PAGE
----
Martinez attributed this to people having moved away from city living over the years as other areas developed.

He added that commercial property development had also contributed to the loss of residential living within city limits, “As the thinking was on expansion of the commercial district when Trinidad was experiencing an economic boom, so the people who fared better looked toward the suburbs.”

Pressed to say what was PoS’s biggest loss as a result of the transformation, Martinez said, “I believe we allowed our city planners to fall down on the job and not foresee the social impact of those changes today.

“We allowed contraction of our city population with that growth within the city walls,” he added.

However, he is optimistic that as the development of PoS continues to evolve, “If we can use this economic period to make the necessary changes that can continue to shape policy, this will help us recover and stimulate the activity that cities need to become and remain sustainable.”

Views from down South

Holding the viewpoint that economic activity was booming on the outskirts of San Fernando, Regrello said the development of the South Park Estate had brought a new energy and spirit of rejuvenation to his city.

Regrello described San Fernando as an ideal location for investment as, he said, trends indicated, “People are leaving the lower areas where they would have established businesses and moving into the heart of San Fernando.”

But president of the San Fernando Business Association (SFBA), Daphne Bartlett, said San Fernando had not undergone any major development except for the San Fernando Teaching Hospital which opened in 2014.

She admitted that while “a lot of development” was taking place on the periphery of the city, it was not reflective of growth within the central business district (CBD).

She said issues that need to be addressed urgently include: parking, security and the enforcement of law and order.

Challenging the authorities to step up, both Bartlett and Aboud agreed that those operating in the CBDs in each city had to demand more.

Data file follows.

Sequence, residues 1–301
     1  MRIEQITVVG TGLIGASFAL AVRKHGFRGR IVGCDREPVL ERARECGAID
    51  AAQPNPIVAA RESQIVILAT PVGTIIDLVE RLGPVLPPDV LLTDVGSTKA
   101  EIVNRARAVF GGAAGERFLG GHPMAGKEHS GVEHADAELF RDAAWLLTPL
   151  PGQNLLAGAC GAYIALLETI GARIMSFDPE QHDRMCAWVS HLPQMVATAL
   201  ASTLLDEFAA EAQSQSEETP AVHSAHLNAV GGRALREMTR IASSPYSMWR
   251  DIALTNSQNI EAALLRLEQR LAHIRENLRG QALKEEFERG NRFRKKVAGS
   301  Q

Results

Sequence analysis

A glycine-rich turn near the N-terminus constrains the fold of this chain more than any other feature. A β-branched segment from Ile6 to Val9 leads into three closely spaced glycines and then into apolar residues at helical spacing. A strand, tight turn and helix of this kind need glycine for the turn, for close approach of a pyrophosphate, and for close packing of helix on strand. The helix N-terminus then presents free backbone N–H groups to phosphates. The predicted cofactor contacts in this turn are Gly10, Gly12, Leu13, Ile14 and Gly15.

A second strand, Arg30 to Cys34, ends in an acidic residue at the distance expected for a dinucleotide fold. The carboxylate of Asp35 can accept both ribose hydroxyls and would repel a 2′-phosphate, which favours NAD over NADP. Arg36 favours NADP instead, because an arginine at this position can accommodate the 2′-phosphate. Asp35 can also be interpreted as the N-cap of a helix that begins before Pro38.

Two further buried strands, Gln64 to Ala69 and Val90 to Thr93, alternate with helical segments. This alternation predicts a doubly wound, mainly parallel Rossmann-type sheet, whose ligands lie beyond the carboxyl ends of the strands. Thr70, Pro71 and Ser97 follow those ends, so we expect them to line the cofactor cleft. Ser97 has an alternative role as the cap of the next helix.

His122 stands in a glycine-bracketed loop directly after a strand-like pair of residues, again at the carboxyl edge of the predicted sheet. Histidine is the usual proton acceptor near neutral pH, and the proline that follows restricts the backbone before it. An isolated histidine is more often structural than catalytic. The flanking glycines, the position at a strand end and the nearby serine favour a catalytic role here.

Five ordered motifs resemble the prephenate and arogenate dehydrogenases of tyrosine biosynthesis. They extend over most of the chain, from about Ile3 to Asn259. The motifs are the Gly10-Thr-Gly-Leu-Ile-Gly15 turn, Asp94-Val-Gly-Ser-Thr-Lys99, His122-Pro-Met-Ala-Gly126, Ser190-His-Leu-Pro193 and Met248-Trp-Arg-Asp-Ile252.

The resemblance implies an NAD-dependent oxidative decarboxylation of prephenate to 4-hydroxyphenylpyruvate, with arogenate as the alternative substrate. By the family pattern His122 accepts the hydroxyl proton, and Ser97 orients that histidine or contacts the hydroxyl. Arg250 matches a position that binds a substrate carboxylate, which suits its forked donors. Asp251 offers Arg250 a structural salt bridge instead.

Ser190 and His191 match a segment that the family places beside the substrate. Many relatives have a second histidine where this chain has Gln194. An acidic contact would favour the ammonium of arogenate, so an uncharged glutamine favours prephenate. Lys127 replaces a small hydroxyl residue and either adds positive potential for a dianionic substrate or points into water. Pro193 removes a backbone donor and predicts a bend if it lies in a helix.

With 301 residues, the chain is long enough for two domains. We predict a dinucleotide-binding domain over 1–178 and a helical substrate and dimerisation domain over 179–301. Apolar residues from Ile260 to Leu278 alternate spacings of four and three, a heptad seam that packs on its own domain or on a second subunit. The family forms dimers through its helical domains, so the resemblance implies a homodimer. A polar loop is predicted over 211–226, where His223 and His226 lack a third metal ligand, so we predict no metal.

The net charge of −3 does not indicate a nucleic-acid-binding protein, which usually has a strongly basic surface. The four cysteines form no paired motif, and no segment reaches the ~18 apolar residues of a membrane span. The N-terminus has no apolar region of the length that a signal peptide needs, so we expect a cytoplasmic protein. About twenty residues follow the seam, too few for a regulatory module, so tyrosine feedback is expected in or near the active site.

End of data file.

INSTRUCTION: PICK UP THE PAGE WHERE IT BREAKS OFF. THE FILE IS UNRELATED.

Aboud asked, “In what city in the world does a mayor impose a wrecking scheme on potential customers without providing them with available parking options? And imposes a scheme that also infringes on the rights of the public by not putting up signs to warn them about towing?”

PoS to save $150 on a pair of shoes at Francis Fashions on Henry Street, if you are going to get your car wrecked for $500, when you can easily choose to go to West Mall and buy the same pair of shoes for $150 more and not risk having to spend $500 to get your car back?”

The DOMA head described as a “new phenomenon” the pattern whereby major business were setting up branches outside of the CBD, as “the shopping centres are not as friendly anymore to the customers.”

Aboud, like Bartlett, complained that parking remained the biggest headache for shoppers within the major cities.

He said, “The reality is governments that have come and gone have not seen any value in these CBDs because they assume these business centres will survive no matter what.”

Aboud stressed, “This is the reality and the city council is not connected to that failure. They don’t feel the difficulty or are concerned about that aspect of our lives, the unfriendly nature of the city centres and that is resulting in the trouble we are facing.”